Senate Committee Begins Hearing Into Tennessee Board of Regents Hiring and Political Makeup

Tennessee Board of Regents members defended the hiring of Chancellor-elect John Morgan in a legislative hearing Tuesday. The TBR has been under fire for not seriously considering other candidates. The man who has served as both State Comptroller and Deputy Governor was the only candidate brought in for an interview.

Gregory Duckett began his testimony before the Senate Education Committee by admitting the hiring process could have been better. But the TBR Vice-Chair stood behind the decision to give Morgan the job. Duckett told senators he didn’t think any other finalists were qualified enough to merit an interview, and that if they hadn’t hired Morgan the TBR likely would have solicited more applications rather than continuing to consider the candidates they already had.

Several senators commented on the fact that John Morgan does not have a doctoral degree, unlike all but one of the TBR’s past chancellors. Duckett said the job listing originally said candidates must have a PhD or equivalent, but that the search committee backed off from making any one requirement do-or-die.

He says the legislature’s increased focus on higher education makes it all the more important that a chancellor have experience beyond academia.

“I felt that there was a stronger need for an individual with an understanding of state government and particularly, if I may use the word, for the nuances of Tennessee government.”

Lawmakers also used the hearing to question how it could be that every member of the Board of Regents is a Democrat.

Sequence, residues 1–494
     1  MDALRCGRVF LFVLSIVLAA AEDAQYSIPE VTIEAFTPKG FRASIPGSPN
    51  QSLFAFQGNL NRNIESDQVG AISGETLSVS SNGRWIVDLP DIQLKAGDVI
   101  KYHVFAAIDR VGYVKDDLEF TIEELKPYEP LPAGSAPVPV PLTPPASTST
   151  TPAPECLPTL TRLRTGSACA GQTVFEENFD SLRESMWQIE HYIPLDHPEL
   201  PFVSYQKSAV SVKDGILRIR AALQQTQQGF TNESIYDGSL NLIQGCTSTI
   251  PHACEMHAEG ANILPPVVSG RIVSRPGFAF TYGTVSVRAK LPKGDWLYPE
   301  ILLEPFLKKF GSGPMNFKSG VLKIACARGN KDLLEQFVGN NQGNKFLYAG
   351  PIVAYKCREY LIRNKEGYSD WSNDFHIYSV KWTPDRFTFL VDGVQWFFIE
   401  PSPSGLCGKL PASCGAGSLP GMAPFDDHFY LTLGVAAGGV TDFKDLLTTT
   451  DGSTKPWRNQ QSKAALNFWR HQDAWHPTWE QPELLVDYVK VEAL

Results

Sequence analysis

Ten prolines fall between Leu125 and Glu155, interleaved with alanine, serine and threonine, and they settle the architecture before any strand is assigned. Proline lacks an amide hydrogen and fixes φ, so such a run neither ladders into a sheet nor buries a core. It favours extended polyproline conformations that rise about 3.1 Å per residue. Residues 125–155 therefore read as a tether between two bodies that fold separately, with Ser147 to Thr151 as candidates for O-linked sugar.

The Regents are appointed by the governor. They have jurisdiction over many of the state’s universities and all of its community colleges and technical centers. The law sets out a number of requirements for the board’s makeup, including a rule that both major political parties have at least three members, but the TBR’s last GOP member was replaced in 2008. Since then, four Democrats have been reappointed to new terms.

The man who prepares slates of candidates for the governor testified that keeping all the right balances on the board was like solving a jigsaw puzzle. But Bill Mason emphasized that both he and Governor Phil Bredesen were careful to follow the law.

Senator Bill Ketron challenged how that could be true, given that the political requirement wasn’t met.

Ketron: “Since he takes it very seriously and you make the recommendations and follow the guidelines, where was the disconnect?”
Mason: “Well the disconnect in 2008 was, I’ll be honest with you, I didn’t consider the re- I did not address that.”

Mason went on to say he didn’t know how to determine a candidate’s political affiliation, since Tennessee voters don’t register with a party. Several lawmakers suggested the political requirement should be reconsidered. Senator Ketron maintained that party affiliation is clear if the candidates have made political donations in the past.

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